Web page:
My husband came home from my parents’ house today! 😀 Crossing my fingers and knocking on wood that he is home for good, and going uphill from here. The concussion symptoms are gone, except for occasional mild headaches, and his sense of balance is perfect.  He just has to continue resting and healing his back now.

When we got home today we spent an hour cleaning up around the apartment a bit, and it looks a lot better. We have a long way to go still, but it’s a start. I actually like to clean when he’s here cleaning too. And even though tomorrow is Monday I’m not working, so we can spend another full day together, a little cleaning and a little shopping for necessities (toilet paper, aluminum foil), and a lot of quality time together.

They try to make him go to rehab…

Mark is still in the hospital from his fall Wednesday night. He is still suffering from various symptoms related to the concussion, including dizziness and occasional memory lapses. He sometimes stops mid-sentence and forgets what he was saying. And he woke in the middle of the night early Friday morning not knowing how he got to the hospital or why he was there. He had to have the nurse come in and read his chart to him, and then piece by piece things came back to him.

The neurologist wants him in a rehab facility due to the dizziness and falling, and for management of all the medications. (We don’t know if Mark has been accidentally overdosing, on account of the memory problems.) Mark’s first choice doesn’t have an opening and another may not take the insurance. So it looks like Mark will probably be staying in the hospital for at least two weeks and getting treatment and physical therapy at the rehab center on the second floor of the hospital.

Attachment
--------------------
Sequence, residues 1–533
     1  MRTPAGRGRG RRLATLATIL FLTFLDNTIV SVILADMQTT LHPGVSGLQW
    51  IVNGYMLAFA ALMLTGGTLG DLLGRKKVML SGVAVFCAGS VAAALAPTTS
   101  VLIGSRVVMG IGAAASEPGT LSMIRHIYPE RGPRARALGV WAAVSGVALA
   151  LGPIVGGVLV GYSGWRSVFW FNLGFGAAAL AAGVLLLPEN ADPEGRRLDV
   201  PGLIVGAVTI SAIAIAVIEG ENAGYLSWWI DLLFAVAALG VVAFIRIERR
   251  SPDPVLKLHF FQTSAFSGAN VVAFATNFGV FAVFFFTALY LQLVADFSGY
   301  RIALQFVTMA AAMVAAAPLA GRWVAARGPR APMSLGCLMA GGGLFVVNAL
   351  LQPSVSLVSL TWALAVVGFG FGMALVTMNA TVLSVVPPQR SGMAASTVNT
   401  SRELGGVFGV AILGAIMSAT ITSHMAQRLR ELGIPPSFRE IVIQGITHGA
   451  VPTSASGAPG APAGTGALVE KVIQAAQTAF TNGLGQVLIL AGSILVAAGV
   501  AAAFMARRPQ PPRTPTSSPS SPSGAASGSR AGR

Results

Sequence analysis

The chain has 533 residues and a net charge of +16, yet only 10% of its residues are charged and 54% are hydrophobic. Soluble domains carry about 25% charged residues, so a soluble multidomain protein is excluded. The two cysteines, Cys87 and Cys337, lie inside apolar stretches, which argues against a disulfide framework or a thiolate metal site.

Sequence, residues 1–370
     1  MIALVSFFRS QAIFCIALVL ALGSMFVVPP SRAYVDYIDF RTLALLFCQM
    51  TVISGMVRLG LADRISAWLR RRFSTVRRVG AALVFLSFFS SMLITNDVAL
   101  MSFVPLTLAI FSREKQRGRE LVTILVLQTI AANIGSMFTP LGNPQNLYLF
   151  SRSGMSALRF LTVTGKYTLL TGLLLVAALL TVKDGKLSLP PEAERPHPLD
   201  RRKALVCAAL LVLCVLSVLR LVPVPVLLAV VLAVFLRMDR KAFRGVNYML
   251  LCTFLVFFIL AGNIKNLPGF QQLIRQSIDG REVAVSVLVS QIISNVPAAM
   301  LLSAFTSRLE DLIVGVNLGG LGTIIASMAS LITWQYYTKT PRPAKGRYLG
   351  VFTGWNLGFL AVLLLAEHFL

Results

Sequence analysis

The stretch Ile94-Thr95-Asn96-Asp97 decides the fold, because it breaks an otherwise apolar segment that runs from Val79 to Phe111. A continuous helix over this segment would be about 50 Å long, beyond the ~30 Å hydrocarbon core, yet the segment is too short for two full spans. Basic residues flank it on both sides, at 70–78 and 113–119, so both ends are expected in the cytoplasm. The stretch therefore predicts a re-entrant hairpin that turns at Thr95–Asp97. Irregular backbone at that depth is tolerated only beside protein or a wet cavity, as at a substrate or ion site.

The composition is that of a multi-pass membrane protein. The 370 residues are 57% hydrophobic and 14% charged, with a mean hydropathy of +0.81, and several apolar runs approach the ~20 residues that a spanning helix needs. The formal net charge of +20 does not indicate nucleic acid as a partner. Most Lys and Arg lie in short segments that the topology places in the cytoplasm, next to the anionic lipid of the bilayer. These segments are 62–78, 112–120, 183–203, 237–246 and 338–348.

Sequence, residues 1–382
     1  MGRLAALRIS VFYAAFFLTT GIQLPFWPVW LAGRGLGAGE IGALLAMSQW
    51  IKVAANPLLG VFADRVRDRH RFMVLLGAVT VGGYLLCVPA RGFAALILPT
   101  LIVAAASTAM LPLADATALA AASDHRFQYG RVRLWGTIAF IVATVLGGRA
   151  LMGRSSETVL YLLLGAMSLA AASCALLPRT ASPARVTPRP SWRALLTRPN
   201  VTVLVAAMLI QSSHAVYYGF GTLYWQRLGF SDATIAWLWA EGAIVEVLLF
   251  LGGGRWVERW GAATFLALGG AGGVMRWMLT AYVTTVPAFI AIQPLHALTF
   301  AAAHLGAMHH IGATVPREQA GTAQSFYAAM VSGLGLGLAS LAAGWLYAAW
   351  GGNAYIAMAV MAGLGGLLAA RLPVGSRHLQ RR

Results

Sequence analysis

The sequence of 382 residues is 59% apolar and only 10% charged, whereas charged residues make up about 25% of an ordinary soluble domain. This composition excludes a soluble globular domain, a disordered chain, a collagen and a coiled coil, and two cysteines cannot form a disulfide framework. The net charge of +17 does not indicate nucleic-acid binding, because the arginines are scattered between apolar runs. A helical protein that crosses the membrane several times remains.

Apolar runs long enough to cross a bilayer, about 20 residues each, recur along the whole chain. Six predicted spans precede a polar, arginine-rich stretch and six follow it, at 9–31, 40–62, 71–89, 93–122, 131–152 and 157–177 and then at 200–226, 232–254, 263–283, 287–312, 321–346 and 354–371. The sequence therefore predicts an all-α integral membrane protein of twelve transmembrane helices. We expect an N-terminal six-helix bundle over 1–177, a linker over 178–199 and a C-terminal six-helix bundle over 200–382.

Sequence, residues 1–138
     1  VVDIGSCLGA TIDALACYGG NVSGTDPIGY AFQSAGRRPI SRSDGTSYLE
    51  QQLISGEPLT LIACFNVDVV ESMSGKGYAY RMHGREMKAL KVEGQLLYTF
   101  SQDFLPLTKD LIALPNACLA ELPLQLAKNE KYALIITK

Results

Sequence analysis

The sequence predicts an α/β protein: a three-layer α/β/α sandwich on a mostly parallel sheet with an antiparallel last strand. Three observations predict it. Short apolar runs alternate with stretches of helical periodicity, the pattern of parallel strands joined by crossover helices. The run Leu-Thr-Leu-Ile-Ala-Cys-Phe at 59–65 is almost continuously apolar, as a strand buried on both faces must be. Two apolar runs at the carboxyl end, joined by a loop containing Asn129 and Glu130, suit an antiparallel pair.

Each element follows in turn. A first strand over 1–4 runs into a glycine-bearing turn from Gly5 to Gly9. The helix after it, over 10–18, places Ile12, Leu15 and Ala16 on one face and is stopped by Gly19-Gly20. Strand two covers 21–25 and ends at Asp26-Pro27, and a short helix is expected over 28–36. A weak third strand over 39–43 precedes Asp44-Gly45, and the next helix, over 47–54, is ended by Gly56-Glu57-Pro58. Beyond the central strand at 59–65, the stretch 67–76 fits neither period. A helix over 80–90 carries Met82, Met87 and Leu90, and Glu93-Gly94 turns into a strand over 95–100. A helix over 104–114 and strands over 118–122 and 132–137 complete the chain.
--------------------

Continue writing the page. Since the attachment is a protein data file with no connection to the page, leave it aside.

Mark is in a Catholic hospital. He has a nun, Sister Bernadette, who visits him in the morning. He told her that he is Jewish and doesn’t want to talk about Jesus, of course, but he likes talking to her. He also got a visit from a pet therapy dog yesterday, I think a chocolate lab. The food is worse than his mother’s (and she’s a pretty terrible cook), and his misses my mom’s cooking.

As always, keep him in your thoughts and prayers.

This entry was posted on April 23, 2010, in Mark.

Update on Mark

You know things are rough when “he has a concussion” is good news! But that’s the case, Mark saw a neurologist on Wednesday who said all of the craziness is symptomatic of the concussion. He ordered an EEG and MRI, and hopefully the results all point to no other problems. In the meantime, he is still back up at my parents’ house for at least two weeks, which is when his follow-up appointment is with the neurologist. So the MRI was tonight, and the EEG is Tuesday. All he said about the MRI is that it was loud and his head hurts, so I guess if there was any worse news my parents would have called to tell me. So that sounds promising. Neurologist says Mark should gradually get better, so we still need prayers but I think things are getting … no, I keep jinxing things so I will just leave things as they are and let you come to your own conclusions.